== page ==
Cleverly Done

Posted on by David Gelber

The opening chapter of Ian McEwan’s latest novel is a tour de force. As in Thornton Wilder’s The Bridge of San Luis Rey – a marvellous novella, still unaccountably underrated – a large cast is introduced in a moment of breathtaking drama. In Wilder’s story, it is as they plunge to their deaths from a […]

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But is it Art?

Posted on by Jonathan Beckman

Ms Greer’s book falls into two halves; ‘The Obstacles and How They Ran’ and is at once a sociological inquiry into the dilemma of women artists (a logical extension of The Female Eunuch), and an attempt to establish what women artists, as a group, actually did; she aims to include, at least for the early […]

Chronicles of Revolution

Posted on by Jonathan Beckman

During the last all-white election in Rhodesia, over which Ian Smith presided in 1977, I went to pay a call on Sir Roy Welensky. The old boy sat in his garden in the suburbs of Salisbury, where an enormous tortoise from the Seychelle Islands was inching about, and talked about the way in which the […]

Edward Said’s Orient

Posted on by Jonathan Beckman

Edward W Said, a scholar born in Palestine and educated in Egypt, is presently Professor of English and Comparative Literature at Columbia University. He is the author of several books on contemporary politics (The Question of Palestine, recently published by Routledge & Kegan Paul), literary theory (his Beginnings were discussed in the Literary Review of […]

Interview: Ian McEwan

Posted on by Jonathan Beckman

Born in 1948, Ian McEwan started writing short stories in 1970. His first collection, First Love, Last Rites, won enormous praise and the Somerset Maugham Award 1976 for its sophisticated depiction of sensuality and depravity. A second collection, In Between the Sheets, has been followed by two brilliantly executed novels, The Cement Garden (1978) and […]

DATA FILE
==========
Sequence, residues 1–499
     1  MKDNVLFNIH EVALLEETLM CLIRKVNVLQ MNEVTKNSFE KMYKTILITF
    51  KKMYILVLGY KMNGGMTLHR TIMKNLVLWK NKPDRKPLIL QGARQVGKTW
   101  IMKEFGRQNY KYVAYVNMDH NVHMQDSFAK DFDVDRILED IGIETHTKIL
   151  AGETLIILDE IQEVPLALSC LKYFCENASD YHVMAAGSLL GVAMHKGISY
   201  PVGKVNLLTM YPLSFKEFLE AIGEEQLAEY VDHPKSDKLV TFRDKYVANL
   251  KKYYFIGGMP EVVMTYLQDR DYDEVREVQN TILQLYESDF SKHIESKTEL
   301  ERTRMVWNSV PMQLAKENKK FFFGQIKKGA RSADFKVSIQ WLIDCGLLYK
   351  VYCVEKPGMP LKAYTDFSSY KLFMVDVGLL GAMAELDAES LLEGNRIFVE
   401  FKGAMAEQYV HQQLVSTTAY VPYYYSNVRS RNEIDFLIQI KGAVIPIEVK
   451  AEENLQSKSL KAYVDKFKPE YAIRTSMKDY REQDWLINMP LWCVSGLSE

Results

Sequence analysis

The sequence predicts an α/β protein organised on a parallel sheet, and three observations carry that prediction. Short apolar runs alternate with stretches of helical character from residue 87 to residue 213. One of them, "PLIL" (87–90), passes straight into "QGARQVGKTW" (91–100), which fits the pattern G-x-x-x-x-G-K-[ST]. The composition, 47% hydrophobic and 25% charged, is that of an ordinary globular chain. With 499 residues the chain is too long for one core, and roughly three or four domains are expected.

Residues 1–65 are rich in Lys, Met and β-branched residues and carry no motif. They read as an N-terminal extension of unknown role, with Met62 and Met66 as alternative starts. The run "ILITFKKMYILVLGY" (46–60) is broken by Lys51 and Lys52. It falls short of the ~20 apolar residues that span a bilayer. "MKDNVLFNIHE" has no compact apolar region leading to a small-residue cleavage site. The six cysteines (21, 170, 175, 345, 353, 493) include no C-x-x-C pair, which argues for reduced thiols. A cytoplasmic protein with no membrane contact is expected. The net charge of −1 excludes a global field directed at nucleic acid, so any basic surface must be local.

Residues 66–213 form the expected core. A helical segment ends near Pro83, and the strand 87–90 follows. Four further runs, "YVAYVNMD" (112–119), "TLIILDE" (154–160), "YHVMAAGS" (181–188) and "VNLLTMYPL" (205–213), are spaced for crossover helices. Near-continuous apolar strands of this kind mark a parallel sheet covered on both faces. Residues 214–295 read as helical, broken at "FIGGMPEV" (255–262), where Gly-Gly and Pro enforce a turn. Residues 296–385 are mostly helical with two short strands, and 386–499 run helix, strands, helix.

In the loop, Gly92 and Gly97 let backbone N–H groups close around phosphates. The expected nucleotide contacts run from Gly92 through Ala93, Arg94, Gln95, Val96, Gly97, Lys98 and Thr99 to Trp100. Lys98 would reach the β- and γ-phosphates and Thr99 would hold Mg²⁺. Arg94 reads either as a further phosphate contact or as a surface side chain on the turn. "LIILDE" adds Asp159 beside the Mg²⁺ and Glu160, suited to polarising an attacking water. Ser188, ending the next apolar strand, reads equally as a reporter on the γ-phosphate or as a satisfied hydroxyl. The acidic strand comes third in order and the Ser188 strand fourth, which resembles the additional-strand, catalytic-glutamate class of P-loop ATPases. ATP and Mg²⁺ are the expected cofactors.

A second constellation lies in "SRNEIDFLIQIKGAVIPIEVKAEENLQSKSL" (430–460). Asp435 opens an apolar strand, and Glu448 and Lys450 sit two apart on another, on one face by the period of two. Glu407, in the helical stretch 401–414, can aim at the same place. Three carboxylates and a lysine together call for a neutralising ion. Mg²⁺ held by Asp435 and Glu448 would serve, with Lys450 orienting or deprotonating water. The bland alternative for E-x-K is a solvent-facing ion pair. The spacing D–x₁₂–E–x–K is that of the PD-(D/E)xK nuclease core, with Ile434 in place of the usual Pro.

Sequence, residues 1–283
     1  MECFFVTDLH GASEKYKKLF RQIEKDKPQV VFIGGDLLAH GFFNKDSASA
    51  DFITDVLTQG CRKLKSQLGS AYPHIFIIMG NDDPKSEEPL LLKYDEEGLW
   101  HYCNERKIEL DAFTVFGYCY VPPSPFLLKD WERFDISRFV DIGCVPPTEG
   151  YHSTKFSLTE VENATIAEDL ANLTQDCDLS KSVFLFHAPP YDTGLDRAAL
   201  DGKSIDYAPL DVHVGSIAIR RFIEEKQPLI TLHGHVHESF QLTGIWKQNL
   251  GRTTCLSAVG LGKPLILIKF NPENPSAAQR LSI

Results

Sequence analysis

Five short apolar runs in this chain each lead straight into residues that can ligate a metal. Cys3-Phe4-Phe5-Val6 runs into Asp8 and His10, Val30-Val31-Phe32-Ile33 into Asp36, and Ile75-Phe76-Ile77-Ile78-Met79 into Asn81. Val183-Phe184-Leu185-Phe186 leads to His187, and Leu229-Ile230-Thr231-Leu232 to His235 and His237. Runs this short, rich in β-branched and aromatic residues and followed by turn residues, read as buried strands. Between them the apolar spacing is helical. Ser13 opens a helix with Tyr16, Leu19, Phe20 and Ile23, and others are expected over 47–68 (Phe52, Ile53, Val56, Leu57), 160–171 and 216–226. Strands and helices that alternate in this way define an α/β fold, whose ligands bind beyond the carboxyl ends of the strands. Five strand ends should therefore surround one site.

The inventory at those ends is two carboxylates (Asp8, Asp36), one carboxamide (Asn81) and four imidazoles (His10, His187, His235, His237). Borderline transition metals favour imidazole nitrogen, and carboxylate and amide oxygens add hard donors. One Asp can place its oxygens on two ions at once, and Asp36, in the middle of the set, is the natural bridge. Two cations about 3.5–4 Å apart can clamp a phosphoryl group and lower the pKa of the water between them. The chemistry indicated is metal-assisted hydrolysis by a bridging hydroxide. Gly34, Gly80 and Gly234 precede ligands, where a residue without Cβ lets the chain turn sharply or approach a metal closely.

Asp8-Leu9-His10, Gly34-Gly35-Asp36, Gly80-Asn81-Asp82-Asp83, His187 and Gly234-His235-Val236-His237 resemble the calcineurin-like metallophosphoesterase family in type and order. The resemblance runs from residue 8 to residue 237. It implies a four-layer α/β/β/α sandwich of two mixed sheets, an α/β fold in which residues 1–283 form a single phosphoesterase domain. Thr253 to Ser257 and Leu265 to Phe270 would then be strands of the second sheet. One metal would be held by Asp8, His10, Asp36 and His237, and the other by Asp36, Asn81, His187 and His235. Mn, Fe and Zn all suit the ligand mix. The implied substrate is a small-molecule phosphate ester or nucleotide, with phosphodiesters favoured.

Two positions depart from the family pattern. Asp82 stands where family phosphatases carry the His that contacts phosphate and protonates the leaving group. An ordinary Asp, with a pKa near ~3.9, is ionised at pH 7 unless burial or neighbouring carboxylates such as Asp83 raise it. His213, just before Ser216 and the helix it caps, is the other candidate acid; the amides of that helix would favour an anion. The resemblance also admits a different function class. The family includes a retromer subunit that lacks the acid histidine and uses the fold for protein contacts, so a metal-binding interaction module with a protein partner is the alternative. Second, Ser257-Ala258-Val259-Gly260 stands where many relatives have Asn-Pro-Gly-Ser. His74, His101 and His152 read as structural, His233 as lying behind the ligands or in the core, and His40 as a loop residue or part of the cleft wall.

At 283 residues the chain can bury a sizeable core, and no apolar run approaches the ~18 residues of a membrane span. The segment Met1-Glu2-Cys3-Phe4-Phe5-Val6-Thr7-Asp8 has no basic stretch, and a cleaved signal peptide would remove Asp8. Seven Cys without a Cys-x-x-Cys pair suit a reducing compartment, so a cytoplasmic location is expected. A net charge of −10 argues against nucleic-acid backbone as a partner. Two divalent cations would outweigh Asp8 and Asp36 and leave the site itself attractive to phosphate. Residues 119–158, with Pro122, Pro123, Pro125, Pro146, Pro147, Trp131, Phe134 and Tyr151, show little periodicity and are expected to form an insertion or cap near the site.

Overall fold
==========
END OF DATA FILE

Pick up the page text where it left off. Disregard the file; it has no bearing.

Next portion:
It Can be Happy

Posted on by Marketing Manager

In my capacity as unpaid agony aunt and telephone counsellor I have discovered this truth: all marriages are exactly alike. No matter what the previous disposition of the partners, something in the nature of marriage produces conformity, turns out Husbands and Wives as if from a mould. The British Standard Marriage, for example, can be […]

Short Measure

Posted on by Tom Fleming

Twenty years ago, in A Single Man, Christopher Isherwood gave an account of a teacher’s day which, although marred by its mawkish memories of the hero’s dead lover, remains both extremely funny as social comedy and able to say something universal without becoming pretentious. October, a diary that he kept for a month four years […]

Get it Right

Posted on by Tom Fleming

Philip Howard was recently described to me by a leading lexicographer as one of the four working journalists with a dictionary. He cares how he writes, notices how others write and points accurately to the atrocities they commit upon the language, with a sharp eye for new arrivals. The performance is stimulating, informative and lucid. […]

Chilean Lament

Posted on by Tom Fleming

On 25 May 1972, on Chilean television, Pablo Neruda warned the country that they faced the same threat of civil war as Spain in 1936. The similarities were not coincidental, but part of a common pattern when a popular front government faces a die-hard Hispanic establishment. In both cases there were: agrarian unrest including massacres […]